A group of courageous World War II and Korean War veterans received heroesâ welcomes from the Vikings and patriotic citizens on Saturday when the group returned from the 17th Honor Flight Twin Cities on May 6.
A group of courageous World War II and Korean War veterans received heroes' welcomes from the Vikings and patriotic citizens on Saturday when the group returned from the 17th Honor Flight Twin Cities* *on May 6.
Vikings Legends Paul Krause and Dave Osborn, Minnesota Vikings Cheerleaders Hannah and Karmen, Alumni Affairs Coordinator Tracy McDonald, her husband, Pete, and parents, LaDon and JoAn Hoefling, and Archive Coordinator Zach Tarrant joined a huge crowd at MSP Terminal 2 as 76 veterans from the wars returned from a trip to Washington, D.C.
The veterans and accompanying trained guardians participated that day in the 17th Honor Flight Twin Cities, an eventful and emotional experience that gives American heroes a chance to visit the National World War II and Korean War Veterans Memorial in the nation's capital.
"It's a spiritual, emotional day for these men," said Jerry Kyser, a Vietnam Veteran who has organized each flight for veterans in the Twin Cities and Western Wisconsin. "We had one gentleman who was 97 years old. The youngest was 84. We had some people who were World War II and Korea combat veterans.
"We … put them back into the military and honor them for keeping America free for us," Kyser added. "It's our job as a community and veterans to honor them."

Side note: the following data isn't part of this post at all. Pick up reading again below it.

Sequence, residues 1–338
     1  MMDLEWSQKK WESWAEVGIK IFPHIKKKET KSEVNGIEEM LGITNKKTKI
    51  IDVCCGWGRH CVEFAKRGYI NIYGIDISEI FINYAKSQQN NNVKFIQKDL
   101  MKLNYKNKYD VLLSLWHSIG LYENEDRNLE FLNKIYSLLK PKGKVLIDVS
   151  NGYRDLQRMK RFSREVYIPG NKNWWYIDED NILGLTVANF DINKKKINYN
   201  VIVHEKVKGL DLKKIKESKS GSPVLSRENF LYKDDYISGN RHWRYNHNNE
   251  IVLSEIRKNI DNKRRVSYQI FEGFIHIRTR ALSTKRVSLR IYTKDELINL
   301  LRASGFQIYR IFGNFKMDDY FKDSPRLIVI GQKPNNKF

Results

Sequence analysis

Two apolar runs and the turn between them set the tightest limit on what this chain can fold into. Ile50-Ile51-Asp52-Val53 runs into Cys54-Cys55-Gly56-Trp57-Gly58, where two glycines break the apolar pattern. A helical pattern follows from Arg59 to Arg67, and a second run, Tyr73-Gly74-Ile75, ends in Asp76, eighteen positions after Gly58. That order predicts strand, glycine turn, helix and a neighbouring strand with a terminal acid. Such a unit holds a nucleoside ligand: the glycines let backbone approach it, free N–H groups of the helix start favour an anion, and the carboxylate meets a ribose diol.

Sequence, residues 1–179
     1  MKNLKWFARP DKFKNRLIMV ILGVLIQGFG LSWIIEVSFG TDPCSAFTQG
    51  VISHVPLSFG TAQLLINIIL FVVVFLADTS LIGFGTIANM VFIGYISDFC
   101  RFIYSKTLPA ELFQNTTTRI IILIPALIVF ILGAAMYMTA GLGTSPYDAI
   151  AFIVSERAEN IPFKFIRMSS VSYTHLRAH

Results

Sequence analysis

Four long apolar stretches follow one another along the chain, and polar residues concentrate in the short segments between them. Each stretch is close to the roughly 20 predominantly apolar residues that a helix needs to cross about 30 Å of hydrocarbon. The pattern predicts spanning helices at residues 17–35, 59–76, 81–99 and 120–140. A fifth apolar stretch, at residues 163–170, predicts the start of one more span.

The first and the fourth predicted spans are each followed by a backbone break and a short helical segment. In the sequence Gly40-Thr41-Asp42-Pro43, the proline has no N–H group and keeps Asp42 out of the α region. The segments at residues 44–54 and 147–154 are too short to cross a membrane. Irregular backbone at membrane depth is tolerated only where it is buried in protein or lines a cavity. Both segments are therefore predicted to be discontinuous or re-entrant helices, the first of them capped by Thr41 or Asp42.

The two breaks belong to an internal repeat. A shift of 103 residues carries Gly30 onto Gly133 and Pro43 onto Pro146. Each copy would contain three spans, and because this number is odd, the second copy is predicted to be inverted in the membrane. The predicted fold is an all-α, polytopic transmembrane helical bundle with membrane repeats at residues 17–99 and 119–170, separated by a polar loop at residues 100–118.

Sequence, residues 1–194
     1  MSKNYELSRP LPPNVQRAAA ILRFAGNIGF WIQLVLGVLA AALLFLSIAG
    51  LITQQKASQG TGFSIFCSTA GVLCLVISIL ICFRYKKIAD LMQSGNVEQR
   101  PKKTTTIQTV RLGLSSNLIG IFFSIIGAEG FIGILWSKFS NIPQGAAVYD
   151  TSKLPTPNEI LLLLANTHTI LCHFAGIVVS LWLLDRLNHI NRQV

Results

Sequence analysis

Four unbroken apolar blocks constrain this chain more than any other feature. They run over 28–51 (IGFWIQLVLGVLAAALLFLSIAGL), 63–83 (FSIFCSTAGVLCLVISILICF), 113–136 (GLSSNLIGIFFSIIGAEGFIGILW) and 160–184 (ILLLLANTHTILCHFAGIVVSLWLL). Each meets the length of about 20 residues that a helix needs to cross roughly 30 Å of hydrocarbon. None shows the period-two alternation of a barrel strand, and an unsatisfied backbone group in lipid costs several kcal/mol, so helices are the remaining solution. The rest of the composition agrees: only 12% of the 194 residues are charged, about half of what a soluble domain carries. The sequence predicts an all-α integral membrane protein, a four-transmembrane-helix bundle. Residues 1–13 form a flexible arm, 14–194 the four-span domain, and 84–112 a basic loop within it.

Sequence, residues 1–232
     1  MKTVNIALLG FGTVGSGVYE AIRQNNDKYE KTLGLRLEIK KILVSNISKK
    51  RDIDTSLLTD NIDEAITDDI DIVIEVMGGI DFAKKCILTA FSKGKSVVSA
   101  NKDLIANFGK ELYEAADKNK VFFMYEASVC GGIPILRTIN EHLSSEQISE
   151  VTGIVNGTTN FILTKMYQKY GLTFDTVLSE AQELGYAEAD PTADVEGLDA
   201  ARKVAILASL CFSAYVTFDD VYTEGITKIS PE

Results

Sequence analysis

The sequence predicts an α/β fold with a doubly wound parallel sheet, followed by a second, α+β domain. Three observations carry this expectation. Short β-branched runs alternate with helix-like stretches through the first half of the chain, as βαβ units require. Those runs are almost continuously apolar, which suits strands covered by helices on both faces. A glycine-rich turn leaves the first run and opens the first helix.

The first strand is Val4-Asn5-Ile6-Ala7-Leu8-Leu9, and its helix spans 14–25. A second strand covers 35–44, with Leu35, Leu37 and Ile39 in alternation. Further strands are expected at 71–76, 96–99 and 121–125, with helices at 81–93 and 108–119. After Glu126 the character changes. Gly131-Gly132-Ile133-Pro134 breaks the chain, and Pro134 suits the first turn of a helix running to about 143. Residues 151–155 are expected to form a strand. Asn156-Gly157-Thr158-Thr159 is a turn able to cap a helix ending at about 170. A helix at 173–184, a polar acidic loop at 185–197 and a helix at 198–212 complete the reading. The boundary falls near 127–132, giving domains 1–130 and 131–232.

Kyser said the group was welcomed when they arrived at Reagan National Airport and throughout their visits on a day that also included somber moments. In addition to visiting the monuments, the group watched the Changing of the Guard at the Tomb of the Unknown Soldier in Arlington National Cemetery.
When the group returned, a spirited gathering of friends, family and people they had never met expressed appreciation to the heroes with stars and stripes balloons, signs, hugs and tears of joy.
"The veterans were very pleased, and we had a great time," Kyser said.
This flight included 43 veterans of World War II and 33 veterans of the Korean War. It also was named in honor of late Coast Guard Chief Warrant Officer Dale Cotch, who passed away in January at age 58 after a battle with cancer. Cotch participated as a guardian, paying his way through donations on nine honor flights to escort veterans. His wife, Mary, and son, Dylan, participated in his flight, taking his burial flag with them.
The Honor Flight national effort began in May 2005. It has provided trips to visit the memorials for more than 180,000 veterans and 115,000 guardians.
Honor Flight Twin Cities launched in 2008 and has helped more than 2,800 participants make these special visits at a cost of about $500 per veteran.
The next Honor Flight Twin Cities is scheduled for Sept. 30, 2017. Visit honorflighttwincities.org for more information or to support the cause with a tax-deductible donation.